Instructions for a Heatwave
Instructions for a Heatwave
by Maggie O'Farrell
Edition: Hardcover
Price: £15.19

37 of 46 people found the following review helpful
3.0 out of 5 stars Not quite..., 8 Mar. 2013
I liked this book. (I don't write reviews of books I don't like; often I don't finish them.) But, after previous books by Maggie O'Farrell that I've loved (" After You'd Gone", "The Vanishing Act of Esme Lennox"...), I felt this one didn't quite get there. Yes, the writing is beautiful and appropriate. Yes, there is some great characterisation (especially Aoife). Was there something being said about the effect of an atavistic religiosity on a generation that grew up away from its roots? Or was it just a dysfunctional group of people who happened to be related to one another for the convenience of the novel? And why is the mystery of the missing man such an insignificant part of the plot as it develops? Don't get me wrong, I liked this book; but it didn't grab me in the way some of Maggie O'Farrell's other books have done.
Comment Comment (1) | Permalink | Most recent comment: Mar 29, 2013 10:05 AM GMT


The Sense of an Ending
The Sense of an Ending
by Julian Barnes
Edition: Paperback
Price: £5.59

4.0 out of 5 stars Does the Ending Make Sense?, 8 Mar. 2013
This review is from: The Sense of an Ending (Paperback)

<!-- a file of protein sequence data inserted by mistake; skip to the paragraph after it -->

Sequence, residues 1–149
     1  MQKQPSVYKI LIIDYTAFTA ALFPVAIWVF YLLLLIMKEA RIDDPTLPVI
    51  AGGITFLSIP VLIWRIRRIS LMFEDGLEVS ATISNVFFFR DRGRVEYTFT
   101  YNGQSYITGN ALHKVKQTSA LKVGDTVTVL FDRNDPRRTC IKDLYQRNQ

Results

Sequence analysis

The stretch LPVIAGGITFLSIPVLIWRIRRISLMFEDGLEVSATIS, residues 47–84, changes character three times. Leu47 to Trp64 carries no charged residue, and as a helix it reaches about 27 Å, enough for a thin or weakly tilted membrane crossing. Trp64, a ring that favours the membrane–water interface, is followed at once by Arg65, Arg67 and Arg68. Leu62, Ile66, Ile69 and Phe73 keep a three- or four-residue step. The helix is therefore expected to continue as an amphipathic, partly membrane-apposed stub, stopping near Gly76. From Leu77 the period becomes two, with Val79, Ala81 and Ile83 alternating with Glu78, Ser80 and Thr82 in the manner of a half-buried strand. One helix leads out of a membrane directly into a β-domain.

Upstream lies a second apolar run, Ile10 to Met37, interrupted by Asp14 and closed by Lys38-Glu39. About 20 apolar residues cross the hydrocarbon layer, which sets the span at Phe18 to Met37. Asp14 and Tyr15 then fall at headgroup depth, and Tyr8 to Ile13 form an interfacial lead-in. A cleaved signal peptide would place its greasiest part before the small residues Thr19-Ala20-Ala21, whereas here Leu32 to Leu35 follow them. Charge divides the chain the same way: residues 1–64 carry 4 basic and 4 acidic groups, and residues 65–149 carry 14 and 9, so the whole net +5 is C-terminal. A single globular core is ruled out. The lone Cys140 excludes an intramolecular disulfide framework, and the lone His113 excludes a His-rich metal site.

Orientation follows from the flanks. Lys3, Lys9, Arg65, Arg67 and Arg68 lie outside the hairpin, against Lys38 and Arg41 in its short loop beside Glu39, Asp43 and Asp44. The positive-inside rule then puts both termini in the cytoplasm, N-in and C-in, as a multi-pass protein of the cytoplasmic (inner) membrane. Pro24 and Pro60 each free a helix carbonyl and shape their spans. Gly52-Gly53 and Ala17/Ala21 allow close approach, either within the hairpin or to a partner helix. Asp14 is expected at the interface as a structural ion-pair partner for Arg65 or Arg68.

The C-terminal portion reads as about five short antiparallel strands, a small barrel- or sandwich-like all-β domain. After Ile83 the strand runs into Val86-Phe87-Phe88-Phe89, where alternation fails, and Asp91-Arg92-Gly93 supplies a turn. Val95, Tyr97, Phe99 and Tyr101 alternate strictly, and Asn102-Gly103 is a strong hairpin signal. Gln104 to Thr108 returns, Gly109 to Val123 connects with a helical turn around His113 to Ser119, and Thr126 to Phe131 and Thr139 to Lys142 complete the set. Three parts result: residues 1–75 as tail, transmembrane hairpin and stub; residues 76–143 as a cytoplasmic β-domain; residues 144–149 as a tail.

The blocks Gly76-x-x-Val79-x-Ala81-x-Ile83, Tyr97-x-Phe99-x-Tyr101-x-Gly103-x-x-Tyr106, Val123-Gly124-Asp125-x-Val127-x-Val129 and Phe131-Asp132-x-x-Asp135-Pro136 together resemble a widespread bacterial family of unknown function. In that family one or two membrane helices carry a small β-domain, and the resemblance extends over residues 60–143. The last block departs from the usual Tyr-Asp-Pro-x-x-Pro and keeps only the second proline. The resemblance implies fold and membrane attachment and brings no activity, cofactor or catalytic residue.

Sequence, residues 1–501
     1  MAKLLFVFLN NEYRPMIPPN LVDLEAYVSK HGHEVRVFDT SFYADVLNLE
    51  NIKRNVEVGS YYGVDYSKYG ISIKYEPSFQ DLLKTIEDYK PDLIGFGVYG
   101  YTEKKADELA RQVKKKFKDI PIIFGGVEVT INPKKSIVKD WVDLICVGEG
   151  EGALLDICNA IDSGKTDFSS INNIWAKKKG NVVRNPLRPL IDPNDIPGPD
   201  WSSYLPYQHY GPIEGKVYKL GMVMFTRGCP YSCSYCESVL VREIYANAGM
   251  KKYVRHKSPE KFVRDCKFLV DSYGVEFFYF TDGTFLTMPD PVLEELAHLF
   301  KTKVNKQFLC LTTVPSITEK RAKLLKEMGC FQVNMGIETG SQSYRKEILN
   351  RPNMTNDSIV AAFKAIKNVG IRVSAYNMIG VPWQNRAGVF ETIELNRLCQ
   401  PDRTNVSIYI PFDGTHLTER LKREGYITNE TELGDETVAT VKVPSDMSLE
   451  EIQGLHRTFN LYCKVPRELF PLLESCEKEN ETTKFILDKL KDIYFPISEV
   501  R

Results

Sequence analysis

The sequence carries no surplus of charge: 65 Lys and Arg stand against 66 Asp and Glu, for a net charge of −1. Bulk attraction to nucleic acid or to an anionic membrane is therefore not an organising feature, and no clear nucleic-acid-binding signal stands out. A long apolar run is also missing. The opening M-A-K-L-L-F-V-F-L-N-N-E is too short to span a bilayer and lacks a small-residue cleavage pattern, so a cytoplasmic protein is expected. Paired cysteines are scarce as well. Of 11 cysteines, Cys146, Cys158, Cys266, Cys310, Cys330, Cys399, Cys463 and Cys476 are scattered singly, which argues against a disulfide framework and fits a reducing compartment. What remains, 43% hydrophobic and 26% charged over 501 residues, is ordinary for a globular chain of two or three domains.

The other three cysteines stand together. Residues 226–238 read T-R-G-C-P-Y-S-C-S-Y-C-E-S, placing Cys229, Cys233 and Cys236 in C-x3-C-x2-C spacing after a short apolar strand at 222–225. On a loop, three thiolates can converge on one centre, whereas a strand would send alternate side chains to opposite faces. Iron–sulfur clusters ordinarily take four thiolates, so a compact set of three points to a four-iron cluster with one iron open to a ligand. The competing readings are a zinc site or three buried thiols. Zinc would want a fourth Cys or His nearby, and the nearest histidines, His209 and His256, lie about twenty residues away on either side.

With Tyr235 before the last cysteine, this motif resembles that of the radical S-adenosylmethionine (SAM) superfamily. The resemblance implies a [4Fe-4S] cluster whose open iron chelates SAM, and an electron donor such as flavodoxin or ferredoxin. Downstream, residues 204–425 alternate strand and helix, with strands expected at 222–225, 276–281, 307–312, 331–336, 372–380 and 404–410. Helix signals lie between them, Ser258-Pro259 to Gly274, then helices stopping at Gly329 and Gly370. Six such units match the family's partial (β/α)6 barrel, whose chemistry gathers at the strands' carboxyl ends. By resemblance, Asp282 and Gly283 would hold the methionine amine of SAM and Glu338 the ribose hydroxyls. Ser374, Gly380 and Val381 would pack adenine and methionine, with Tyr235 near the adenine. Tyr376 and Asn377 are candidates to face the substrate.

I very much enjoyed this short book - and read it in a single sitting (rare for me with any book). The style is splendid. The narrator's memory of the past and the slow recovery of mis-remembered events haunts and is exquisitely done. The time spent trying to recover elements of the past that were not particuarly important may seem bizarre until one reflects that it is being done from the vantage point of boredom in retirement. Perhaps a more realistic grasping for distant moments of imagined quasi-happiness than one would hope to be the case for oneself. The only thing I can fault is the ending. There have been clues (Robson) but they were, for me at least, insufficient. Just a few more lines on that disastrous weekend in Chislehurst, a few more lines on Veronica's mother's kindness to Tony... Then I would have felt that the ending did make sense, wouldn't have been left a bit non-plussed on the last page, would have awarded 5 stars.